But the award was contingent on Corley deciding the fourth element — whether a reasonable officer with Losey's knowledge at the time would have probable cause to believe Zoellner stabbed Lawson. In a 12-page ruling, Corley ruled there was ample reason for an officer in Losey's position to find there was probable cause indicating Zoellner had committed the killing.

Corley detailed six factors in favor of the finding, including another witness' account of finding Zoellner and Lawson fighting moments before realizing Lawson had been fatally stabbed, a determination that witness' statements were credible, the lack of evidence that Lawson fought with anyone else that night, the fact Zoellner was found at the scene covered in blood, that a kitchen knife was found at the scene and Zoellner worked as a chef and had knives in his car that night, and that while Zoellner had an apparent motive, saying he'd been "sucker punched" by Lawson, "no other person with a motive to stab Mr. Lawson was identified."

Zoellner's appeal argued Corley erred in deciding the probable cause question, and also that her decision to dismiss the other allegations was not supported by law. 

The appellate court disagreed on all fronts.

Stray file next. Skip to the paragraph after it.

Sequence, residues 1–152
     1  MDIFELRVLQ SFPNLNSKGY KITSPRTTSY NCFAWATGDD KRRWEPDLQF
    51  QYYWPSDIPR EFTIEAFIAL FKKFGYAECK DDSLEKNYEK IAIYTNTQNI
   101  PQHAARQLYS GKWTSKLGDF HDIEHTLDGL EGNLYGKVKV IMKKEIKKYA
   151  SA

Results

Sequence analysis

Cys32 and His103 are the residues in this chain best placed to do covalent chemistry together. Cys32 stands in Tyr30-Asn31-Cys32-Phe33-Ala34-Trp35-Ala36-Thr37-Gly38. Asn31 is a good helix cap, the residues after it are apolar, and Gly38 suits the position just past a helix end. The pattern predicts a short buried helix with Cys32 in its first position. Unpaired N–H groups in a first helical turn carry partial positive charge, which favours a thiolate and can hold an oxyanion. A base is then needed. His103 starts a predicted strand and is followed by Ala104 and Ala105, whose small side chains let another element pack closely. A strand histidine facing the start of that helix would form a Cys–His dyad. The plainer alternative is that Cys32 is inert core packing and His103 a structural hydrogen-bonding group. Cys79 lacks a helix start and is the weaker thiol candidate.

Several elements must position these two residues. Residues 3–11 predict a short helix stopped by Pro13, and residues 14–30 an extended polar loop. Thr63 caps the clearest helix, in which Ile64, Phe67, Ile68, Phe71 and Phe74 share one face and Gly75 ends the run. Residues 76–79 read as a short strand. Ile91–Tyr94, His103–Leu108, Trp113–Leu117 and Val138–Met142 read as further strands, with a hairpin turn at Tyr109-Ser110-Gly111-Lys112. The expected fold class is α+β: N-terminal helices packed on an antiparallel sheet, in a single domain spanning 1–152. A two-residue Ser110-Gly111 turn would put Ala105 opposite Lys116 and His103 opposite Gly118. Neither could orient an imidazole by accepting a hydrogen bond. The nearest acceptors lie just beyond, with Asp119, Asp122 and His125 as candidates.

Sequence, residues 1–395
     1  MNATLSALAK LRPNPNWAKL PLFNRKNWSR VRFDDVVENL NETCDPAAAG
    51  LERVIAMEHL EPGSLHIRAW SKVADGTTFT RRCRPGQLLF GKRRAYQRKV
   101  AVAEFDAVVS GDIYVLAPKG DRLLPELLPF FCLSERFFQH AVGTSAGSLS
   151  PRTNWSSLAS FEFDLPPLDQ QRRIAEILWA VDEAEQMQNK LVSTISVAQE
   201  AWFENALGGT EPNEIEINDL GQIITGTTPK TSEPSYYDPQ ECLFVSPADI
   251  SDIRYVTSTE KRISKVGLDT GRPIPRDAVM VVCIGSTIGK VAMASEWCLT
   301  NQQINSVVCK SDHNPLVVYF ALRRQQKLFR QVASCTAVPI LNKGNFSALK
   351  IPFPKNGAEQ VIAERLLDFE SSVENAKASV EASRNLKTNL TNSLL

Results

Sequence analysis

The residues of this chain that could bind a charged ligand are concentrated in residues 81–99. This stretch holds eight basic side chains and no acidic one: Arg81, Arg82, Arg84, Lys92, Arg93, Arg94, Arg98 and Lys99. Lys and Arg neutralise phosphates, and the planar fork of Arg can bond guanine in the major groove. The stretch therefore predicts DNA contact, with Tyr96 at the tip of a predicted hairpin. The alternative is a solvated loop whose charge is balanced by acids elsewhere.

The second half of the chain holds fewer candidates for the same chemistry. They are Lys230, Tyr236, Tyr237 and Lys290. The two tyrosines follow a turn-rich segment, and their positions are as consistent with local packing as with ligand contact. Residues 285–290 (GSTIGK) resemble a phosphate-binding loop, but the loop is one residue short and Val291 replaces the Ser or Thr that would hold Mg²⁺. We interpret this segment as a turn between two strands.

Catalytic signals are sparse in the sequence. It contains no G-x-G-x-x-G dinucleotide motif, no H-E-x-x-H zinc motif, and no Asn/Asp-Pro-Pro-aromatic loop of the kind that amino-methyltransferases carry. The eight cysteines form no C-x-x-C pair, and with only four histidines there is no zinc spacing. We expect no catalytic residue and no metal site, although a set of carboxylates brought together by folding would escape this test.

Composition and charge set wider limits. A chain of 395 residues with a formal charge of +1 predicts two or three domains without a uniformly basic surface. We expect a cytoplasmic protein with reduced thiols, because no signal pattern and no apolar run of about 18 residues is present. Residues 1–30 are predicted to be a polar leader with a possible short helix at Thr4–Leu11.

"Zoellner's unlawful arrest and malicious prosecution claims fail because he has not shown any genuine issue of fact as to whether there was probable cause," the ruling states. "Probable cause is a low standard and only requires 'the fair probability or substantial chance' that the suspect has committed a crime. ... Here, ample undisputed evidence supports a 'fair probability' that Zoellner may have committed the crime. Zoellner was identified by witnesses at the scene as the 'stabber' and his clothes were covered in blood. The blood pattern on Zoellner's clothes was not consistent with his own nosebleed. Zoellner also admitted to a physical fight that night with the victim, which was corroborated by an eyewitness. Additionally, a kitchen knife was found at the scene, and Zoellner worked as a chef."

The appellate court also rejected the allegation that officers were deliberately indifferent to Zoellner's "serious medical needs," on the grounds that the facts were not extreme enough to trump responding officers' qualified immunity.

"While Zoellner was not taken to the hospital for at least an hour after officer Nilsen detained him, Zoellner at first refused medical treatment," the ruling states. "And shortly after Zoellner requested medical treatment, officer Nilsen took him to the hospital. The hospital medically cleared Zoellner, and his medical release showed he only had facial lacerations and swelling."